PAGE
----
Erika Hayes James

Crisis Leadership in the 1st 100 Days

Tuesday, January 20, 2009 marked a moment in this nation’s history like no other.  And while we as a country can celebrate in the election of President Obama and the “hope that this changing of the guard brings,” I am reminded of something a friend and colleague has repeated often:  Hope is not a strategy!  Indeed President Obama faces enormous challenges, and hope alone will not see his or our way out of the crises facing this country.  It will take a kind of leadership the likes of which we rarely witness at any organization or political level, yet is undeniably possible.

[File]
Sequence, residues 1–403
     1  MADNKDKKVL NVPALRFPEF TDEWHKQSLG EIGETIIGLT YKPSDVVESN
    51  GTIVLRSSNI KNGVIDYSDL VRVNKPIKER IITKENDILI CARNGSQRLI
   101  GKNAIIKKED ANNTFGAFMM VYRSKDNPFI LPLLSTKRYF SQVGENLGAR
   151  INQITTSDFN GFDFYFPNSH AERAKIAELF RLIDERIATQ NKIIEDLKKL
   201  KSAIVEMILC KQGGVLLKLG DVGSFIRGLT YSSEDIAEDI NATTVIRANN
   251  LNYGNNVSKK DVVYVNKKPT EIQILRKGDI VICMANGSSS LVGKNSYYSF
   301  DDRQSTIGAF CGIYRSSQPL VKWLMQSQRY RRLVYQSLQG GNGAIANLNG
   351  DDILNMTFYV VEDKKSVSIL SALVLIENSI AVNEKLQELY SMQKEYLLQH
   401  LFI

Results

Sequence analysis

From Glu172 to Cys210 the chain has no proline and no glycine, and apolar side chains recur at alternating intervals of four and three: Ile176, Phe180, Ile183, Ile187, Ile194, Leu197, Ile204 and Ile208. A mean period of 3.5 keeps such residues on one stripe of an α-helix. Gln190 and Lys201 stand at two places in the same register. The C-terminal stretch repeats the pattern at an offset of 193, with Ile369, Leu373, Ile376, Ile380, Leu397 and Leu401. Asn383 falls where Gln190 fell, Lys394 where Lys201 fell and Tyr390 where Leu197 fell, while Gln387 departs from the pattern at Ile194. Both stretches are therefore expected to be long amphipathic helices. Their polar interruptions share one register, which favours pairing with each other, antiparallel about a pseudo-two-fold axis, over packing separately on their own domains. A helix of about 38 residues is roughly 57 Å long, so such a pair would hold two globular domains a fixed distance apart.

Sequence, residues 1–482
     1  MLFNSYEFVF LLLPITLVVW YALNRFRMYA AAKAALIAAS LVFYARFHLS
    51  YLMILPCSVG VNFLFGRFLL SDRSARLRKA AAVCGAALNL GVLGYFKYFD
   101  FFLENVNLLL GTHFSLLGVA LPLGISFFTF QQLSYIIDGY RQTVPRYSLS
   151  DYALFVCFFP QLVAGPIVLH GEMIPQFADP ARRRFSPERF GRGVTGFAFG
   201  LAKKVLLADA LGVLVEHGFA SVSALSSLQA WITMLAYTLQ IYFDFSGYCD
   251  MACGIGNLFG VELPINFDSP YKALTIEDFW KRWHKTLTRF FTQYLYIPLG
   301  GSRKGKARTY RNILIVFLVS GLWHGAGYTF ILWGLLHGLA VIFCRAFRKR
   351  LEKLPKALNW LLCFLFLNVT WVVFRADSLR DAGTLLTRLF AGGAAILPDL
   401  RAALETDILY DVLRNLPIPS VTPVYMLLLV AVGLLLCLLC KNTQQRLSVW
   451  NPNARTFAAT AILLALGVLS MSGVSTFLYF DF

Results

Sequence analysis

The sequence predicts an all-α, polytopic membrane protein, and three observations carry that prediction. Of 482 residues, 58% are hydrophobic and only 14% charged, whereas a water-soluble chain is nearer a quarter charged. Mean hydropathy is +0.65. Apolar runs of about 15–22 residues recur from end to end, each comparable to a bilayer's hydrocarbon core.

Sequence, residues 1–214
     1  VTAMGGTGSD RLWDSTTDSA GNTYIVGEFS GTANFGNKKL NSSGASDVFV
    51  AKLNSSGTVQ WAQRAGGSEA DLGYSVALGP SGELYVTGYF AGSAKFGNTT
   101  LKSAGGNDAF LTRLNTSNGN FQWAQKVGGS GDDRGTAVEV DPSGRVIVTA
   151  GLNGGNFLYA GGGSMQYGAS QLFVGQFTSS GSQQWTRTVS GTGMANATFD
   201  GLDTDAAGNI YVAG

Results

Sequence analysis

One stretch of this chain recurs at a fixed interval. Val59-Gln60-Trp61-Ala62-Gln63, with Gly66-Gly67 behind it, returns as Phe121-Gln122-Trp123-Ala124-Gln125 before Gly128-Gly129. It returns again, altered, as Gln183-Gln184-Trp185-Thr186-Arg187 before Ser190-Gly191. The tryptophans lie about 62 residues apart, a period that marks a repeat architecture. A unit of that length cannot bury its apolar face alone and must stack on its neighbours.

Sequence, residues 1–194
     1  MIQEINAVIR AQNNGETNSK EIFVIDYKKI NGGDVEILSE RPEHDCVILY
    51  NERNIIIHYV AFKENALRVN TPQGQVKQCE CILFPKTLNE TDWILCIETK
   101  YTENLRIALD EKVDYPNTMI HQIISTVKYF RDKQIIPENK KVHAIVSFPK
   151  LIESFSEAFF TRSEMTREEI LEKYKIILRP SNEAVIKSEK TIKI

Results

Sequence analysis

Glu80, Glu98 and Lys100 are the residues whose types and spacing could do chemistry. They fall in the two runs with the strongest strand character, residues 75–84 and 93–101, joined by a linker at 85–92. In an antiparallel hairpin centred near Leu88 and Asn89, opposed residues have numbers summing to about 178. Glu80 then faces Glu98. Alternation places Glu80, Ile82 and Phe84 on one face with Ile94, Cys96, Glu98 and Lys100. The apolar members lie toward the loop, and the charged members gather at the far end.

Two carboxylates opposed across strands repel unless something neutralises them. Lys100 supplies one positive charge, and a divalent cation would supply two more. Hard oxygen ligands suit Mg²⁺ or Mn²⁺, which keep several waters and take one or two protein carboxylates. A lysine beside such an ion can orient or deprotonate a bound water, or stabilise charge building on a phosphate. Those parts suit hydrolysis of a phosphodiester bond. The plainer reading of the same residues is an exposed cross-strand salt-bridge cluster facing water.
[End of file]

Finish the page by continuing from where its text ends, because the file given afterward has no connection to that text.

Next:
We find ourselves in need of the skill, expertise, wisdom, and humility of a crisis leader.  One aspect of crisis leadership that separates it from leadership in more ordinary circumstances is TIME. Crisis leaders must make decisions and take action in a truncated period of time. What better way to mark the critical phases of President Obama’s leadership than by the first 100 days?  Sure, 100 days may be trite and even somewhat arbitrary, but it represents a defined period of time in which any leader can demonstrate his or her skill in being decisive, disciplined, and determined.  These qualities are necessary for setting, communicating, and executing a strategy that in the short run will resolve the immediate threats, and in the long run will set an organization, or in this case our nation, on a new and better course. And of that, we are hopeful.

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